Jesse’s trip report on another Monashee trip has a link to the Trail Head map and a track on Google maps of some of the area.
Our Day 2 started around 5am because we wanted to see the sunrise in the summit of Mt.Amuyao. The sunrise was very interesting to watch because you can literally see a vast ocean of clouds and you can see the sun rising above the clouds. It is very cold at the summit so you have to make sure that you bring jackets and socks, or even gloves. We have to wait until the weather suited us before we started our trek. Today was our descent from the mountain but I can say that it is harder than our ascent.
There were a lot of leeches and bees in the forest plus the roots were all slippery because of the moist. It is a very difficult descent but it if you appreciate the solitude in the forest, you will definitely love it. The trail was less obvious because but thanks to our guide we made it through the forest. We had our lunch at the river. The water in the river is very cold and also very refreshing, especially after the hard trek from the forest.
After our lunch, we started trekking again until we reached the Pat-yay community and we camped there. Pat-yay is very beautiful especially because of the rice terraces that can be viewed from there. The people there are also very accommodating; in fact, there is a house there which can be used as shelter by campers but we still used our tents. Day 2 was a short 7-hour hike. Short because the view is very beautiful and the river will wash away all your struggles for the day.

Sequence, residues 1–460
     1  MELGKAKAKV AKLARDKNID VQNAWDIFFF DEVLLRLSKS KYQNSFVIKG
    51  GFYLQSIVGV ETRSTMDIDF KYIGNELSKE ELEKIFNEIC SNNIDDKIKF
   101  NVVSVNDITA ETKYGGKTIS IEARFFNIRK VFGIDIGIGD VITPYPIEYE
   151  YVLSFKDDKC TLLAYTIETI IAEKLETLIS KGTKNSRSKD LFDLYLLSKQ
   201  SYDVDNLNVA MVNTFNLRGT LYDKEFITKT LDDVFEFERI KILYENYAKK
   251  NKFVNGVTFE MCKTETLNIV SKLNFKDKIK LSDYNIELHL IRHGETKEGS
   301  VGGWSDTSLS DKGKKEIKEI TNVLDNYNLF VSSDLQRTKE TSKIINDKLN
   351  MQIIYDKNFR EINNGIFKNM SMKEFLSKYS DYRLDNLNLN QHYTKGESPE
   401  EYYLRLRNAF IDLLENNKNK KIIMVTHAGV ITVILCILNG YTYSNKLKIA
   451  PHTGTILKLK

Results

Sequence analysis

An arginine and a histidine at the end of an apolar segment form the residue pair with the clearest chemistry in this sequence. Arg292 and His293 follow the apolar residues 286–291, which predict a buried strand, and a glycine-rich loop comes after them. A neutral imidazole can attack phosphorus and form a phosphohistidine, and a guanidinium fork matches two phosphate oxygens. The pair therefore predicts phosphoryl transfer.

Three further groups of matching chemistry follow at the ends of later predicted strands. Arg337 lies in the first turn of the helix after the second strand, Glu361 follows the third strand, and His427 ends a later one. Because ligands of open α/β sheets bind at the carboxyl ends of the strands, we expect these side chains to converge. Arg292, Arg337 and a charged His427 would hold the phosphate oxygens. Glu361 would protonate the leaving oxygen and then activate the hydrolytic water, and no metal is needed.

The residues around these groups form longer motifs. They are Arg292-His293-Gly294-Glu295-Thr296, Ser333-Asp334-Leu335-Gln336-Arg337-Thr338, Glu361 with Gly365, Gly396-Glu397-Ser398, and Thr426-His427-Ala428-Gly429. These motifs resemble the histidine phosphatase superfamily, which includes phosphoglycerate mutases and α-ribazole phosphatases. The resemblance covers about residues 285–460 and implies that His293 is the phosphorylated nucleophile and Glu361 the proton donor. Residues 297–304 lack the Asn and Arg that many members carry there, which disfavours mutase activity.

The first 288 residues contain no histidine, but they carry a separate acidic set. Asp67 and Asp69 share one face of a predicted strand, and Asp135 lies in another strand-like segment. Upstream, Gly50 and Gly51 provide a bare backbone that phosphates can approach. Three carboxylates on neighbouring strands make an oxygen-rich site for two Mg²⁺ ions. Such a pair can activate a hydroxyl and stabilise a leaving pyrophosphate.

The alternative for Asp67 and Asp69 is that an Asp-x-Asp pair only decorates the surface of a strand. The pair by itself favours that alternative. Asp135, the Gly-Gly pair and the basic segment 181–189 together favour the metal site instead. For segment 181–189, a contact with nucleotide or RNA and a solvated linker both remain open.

GPS Track for Mission Creek Regional Park is below. The track starts at the main parking lot off of Springfield Road and covers the south end of the park. Another post will cover the north end and all of its wonder soon. The following pictures and information are for folks who may be new and want to take the family out to Kelowna’s most incredible natural park. Also many old time residents of Kelowna are unaware of the many incredible natural wonders that exist in the park. I have taken a few amateur snapshots to help show what exists in this park and have shown them below and under that is the actual GPS track that you can download if you follow the embedded maplink. The park used a lot for races, GPS training, and geocaching enthusiasts. I parked right next to the Environmental Educational Center Okanagan.